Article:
Bungalows built before 1960 are the most effective for conversion, as they were built with large, open, cavernous loft spaces and plenty of having load-bearing walls capable of supporting new loft rooms, too. The steep pitch of their roofs implies that it’s unlikely that you’ll need a dormer window either.
Because of the big plan of most bungalows, and their traditional pitched roofs, it’s thought that up to 40% of the available space is unused. This suggests that you’ll have an incredible space available within the attic to convert, and these properties are often located on large plots too, with extensions into the garden. The biggest – and really the sole – problem with converting a bungalow is that always these houses weren’t designed to support the burden of rooms within the loft. You will therefore need some underpinning work or structural support if you’re converting your bungalow’s loft.
Of course, you’ll also add stairs to a property that has never had an area designed specifically for stairs. Wherever you add the steps, it’ll mean a loss of space in one in every of the bottom floor rooms, but a decent architect is going to be able to solve this problem and minimize the world lost
Roof Light Conversion
The most simple and cost-effective loft conversion for a bungalow property is to put in roof light windows. The roof windows are often installed to the front and/or rear elevation without altering your roof-line. It works best when there’s ample headroom throughout your loft so you’ll be able to fill use of all the available floor space.
A roof light loft conversion requires significantly less construction work than other options and with this easy style of conversion, you are doing not normally need loft conversion. Although there are some exceptions which you’ll be able to see here. A roof light loft conversion offers many advantages to your loft rooms:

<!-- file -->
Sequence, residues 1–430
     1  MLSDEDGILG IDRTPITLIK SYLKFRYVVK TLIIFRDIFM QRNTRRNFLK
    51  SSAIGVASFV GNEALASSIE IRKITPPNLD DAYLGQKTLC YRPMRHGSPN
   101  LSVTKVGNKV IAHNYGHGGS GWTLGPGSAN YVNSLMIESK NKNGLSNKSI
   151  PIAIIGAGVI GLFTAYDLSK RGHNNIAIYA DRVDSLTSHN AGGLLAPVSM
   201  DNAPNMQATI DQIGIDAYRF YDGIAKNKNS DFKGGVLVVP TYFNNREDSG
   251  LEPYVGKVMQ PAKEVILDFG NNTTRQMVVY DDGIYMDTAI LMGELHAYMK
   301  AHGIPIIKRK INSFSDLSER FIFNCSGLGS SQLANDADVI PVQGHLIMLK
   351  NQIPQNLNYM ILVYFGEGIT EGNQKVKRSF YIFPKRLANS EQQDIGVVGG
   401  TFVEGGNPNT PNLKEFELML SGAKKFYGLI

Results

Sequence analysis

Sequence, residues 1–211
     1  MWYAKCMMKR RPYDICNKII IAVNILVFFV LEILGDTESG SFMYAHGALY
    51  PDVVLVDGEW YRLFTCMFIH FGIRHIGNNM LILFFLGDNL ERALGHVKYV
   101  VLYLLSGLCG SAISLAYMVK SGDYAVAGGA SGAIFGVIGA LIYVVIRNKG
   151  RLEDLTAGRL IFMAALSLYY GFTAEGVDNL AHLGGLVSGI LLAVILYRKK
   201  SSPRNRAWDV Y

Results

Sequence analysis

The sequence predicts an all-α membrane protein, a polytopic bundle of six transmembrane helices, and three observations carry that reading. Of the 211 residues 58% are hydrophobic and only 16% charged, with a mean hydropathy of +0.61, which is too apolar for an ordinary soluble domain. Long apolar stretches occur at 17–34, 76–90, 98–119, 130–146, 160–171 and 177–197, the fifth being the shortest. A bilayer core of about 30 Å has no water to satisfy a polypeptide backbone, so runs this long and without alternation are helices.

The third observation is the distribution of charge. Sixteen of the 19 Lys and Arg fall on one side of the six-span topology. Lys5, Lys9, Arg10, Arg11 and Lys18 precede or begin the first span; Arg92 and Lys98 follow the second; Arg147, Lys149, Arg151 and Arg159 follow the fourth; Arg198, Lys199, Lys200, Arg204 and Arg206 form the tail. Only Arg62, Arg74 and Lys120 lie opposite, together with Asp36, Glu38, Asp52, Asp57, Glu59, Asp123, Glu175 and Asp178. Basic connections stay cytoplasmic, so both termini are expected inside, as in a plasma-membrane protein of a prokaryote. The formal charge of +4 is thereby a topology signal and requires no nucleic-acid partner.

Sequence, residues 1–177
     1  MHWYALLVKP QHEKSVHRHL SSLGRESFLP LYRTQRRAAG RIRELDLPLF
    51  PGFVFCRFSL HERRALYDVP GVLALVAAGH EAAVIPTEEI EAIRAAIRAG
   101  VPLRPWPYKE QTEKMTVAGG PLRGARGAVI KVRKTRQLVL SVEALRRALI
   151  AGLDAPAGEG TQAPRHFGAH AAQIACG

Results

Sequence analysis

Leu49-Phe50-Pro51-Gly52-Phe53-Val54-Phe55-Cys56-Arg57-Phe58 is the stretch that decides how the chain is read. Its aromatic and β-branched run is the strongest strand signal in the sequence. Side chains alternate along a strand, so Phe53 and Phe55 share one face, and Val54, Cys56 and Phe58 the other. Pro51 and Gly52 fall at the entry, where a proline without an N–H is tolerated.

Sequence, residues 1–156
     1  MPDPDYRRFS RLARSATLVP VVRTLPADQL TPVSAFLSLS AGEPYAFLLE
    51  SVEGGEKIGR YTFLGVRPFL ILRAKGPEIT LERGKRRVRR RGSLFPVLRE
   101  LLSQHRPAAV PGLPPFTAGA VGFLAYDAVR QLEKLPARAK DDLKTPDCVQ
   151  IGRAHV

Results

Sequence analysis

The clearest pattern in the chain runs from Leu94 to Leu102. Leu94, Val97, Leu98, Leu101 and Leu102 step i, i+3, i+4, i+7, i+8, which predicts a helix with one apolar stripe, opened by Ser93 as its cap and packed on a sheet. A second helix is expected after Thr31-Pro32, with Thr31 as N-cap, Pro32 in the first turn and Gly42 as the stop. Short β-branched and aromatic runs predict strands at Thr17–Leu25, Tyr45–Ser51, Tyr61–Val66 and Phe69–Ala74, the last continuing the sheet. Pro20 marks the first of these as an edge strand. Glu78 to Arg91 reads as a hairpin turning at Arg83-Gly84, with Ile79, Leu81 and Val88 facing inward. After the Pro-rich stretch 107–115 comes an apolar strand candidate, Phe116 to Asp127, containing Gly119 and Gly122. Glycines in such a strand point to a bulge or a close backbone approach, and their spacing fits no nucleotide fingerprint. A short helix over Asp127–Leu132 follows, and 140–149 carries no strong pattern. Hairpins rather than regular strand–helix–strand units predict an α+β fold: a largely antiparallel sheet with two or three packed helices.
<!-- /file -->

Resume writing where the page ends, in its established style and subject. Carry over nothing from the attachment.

- These windows yield an outsized amount of sunshine, making your loft conversion feel spacious and airy
- Roof light windows may be fitted with a thermostat, which automatically opens or closes the windows when your room reaches your pre-selected temperature
- You can also prefer to have them fitted with rain sensors, which automatically closes the roof light if rain is detected
- You can control roof light windows via a foreign, which is astounding for prime ceilings
Hip to Gable Loft Conversion
As the simplest method of converting a loft, this is the cheapest way to proceed, though it is only suitable for some homes with relevant roof space.
The majority of houses that have hip roofs tend to have a relatively small internal volume. So for a conversion to be practical, a hip to a gable loft conversion is usually the most suitable solution. A hip to gable conversion involves changing the sloping or ‘hipped’ roof to create a vertical gable end.
The added complexity of hip to gable conversions means they are typically more expensive, with a starting price of around £42,000, going up to around £65,000, with an average of around £54,000.
Dormer loft conversions
Dormer loft conversions are usually situated at the rear of your property. Though smaller and more traditional dormers will be found at the front of some buildings. A dormer loft conversion is an extension of your existing roof. Which projects vertically from a sloping roof providing you with additional floor space and headroom within your loft. Dormers can have a flat or pitched roof and are designed to suit all house styles. An extra advantage with a dormer loft conversion is that since new regulations were introduced in 2008, many Local Authorities allow dormers to be built without planning permission providing the look is within guidelines.
A mansard loft conversion may be a conversion installed to the rear of your property. Building a Mansard loft conversion disclose your roof, so you’ll be able to make the foremost of your loft space. This type of conversion encompasses a flat roof with a back wall that slopes inwards. These slopes are at an angle of 72 degrees incorporating windows within the variety of small dormers. Mansard conversions nearly always require planning permission, this is often thanks to the big changes in your roof shape and structure. As a mansard conversion involves the foremost complex and complete overhaul, it’s the foremost expensive option.